Brisbane, surprisingly, isn't that interested in how it came to pass that reporters parted with the "freedom." Instead, he conjures up an entirely new brand of Times employee -- the "truth vigilante." Because what objective journalism has needed, all this time, is more lynchings.
UPDATE: After receiving a rather forceful reaction to his column, Brisbane has offered up what amounts to a rather petulant response, which is available for your perusal over at Jim Romenesko's site. The short version is that everyone who responded to his initial inquiry, which solicited "reader input on whether and when New York Times news reporters should challenge 'facts' that are asserted by newsmakers they write about," got the question wrong and should feel bad for being so stupid. He then does that thing where he restates the original inquiry, and pretends that he has made it clearer for readers, who are obvious idiots:
I have to say I did not expect that so many people would interpret me to have asked only: should The Times print the truth and fact-check? Of course, The Times should print the truth, when it can be found, and fact-check.
What I was trying to ask was whether reporters should always rebut dubious facts in the body of the stories they are writing. I was hoping for diverse and even nuanced responses to what I think is a difficult question.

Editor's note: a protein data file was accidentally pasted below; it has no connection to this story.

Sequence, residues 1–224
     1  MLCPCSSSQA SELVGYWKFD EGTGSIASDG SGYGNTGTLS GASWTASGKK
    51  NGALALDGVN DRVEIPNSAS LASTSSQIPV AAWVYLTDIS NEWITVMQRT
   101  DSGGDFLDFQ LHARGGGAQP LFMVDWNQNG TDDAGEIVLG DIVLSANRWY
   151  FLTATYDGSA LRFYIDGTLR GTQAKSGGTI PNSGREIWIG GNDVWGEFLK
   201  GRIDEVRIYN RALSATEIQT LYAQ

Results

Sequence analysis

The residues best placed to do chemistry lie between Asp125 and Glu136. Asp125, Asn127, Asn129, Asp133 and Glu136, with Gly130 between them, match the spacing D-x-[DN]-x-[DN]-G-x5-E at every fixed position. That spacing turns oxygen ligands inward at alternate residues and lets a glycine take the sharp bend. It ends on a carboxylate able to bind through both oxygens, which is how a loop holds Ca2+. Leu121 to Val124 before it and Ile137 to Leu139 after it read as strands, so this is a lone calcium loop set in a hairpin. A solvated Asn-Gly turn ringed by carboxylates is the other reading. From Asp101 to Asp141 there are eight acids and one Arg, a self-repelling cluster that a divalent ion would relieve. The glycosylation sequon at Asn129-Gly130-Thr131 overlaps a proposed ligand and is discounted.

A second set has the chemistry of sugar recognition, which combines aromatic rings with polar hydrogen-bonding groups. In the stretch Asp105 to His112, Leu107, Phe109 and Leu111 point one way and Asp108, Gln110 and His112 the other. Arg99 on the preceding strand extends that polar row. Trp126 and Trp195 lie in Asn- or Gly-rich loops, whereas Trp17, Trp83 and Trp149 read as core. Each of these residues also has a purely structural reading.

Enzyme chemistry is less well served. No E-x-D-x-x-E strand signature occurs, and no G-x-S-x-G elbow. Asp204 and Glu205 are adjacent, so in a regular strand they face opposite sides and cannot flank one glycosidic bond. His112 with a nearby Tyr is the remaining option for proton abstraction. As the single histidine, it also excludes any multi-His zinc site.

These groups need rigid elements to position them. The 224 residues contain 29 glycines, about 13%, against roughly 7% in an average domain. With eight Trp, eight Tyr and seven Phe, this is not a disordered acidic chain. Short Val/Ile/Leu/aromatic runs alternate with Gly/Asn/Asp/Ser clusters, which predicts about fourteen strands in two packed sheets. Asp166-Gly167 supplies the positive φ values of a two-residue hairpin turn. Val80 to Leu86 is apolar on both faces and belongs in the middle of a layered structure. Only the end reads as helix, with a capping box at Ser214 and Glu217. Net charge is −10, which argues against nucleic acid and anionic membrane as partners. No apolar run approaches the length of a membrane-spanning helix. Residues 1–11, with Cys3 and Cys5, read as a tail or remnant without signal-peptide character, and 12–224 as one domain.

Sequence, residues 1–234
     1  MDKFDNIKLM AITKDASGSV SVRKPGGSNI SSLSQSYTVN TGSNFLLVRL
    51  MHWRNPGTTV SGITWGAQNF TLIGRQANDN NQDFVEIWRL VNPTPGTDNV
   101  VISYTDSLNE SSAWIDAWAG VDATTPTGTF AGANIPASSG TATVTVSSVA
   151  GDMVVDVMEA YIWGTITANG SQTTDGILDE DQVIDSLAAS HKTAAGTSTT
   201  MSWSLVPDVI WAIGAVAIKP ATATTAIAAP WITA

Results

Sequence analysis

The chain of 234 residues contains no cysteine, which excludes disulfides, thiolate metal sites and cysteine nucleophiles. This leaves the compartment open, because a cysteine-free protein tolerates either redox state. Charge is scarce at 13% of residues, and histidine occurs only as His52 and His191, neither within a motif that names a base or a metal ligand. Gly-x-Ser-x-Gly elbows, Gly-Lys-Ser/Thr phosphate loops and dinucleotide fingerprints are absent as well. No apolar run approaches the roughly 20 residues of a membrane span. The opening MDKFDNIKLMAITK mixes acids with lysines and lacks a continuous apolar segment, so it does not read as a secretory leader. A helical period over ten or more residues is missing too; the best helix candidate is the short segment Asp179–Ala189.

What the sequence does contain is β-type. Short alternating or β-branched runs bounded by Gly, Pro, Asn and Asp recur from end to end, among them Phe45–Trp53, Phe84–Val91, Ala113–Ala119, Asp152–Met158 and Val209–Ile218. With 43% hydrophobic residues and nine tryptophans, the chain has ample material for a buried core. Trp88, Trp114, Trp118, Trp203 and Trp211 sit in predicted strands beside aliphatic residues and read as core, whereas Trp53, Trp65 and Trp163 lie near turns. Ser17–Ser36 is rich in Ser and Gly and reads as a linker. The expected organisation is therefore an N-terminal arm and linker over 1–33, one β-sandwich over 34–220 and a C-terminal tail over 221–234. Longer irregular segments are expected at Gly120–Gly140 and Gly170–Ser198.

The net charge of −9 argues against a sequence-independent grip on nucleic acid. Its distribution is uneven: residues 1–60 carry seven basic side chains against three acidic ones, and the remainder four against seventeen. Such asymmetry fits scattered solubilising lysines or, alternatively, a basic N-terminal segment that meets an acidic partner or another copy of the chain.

Oh! You meant to ask whether reporters should challenge assertions and offer rebuttals in the body of the stories they are writing? What other venue for rebuttals and challenges could you possibly have meant, Arthur, other than the body of the stories? The reporters' imaginations?
Brisbane seems to think that this should force everyone to rethink their original response, somehow. In addition, he apparently had the expectation that readers would provide "diverse" and "nuanced" responses to a question that basically boils down to, "Should the stuff we put in the body of our stories be, like, true and junk?" I'd be curious to know if he honestly expected a "diverse" response to this -- if he literally expected some people to say, "Actually, it doesn't matter so much to be is what I read in the body of your stories is reliable or not."
Brisbane goes on to restate some examples he originally provided "to illustrate the difficulty" of his question, but he fails to understand that he is the one having a hard time grappling with the difficulty -- not the people who have responded, in simple terms, to his inquiry.
He closes with, "I often get very well-reasoned complaints and questions from readers, but in this case a lot of people responded to a question I was not asking," because it's not his fault, it's everyone else's.
UPDATE, 6:26pm: And now NYT executive editor Jill Abramson weighs in, politely telling Brisbane to sod off:
In your blog, you ask “whether and when New York Times news reporters should challenge ‘facts’ that are asserted by newsmakers they write about.” Of course we should and we do. The kind of rigorous fact-checking and truth-testing you describe is a fundamental part of our job as journalists.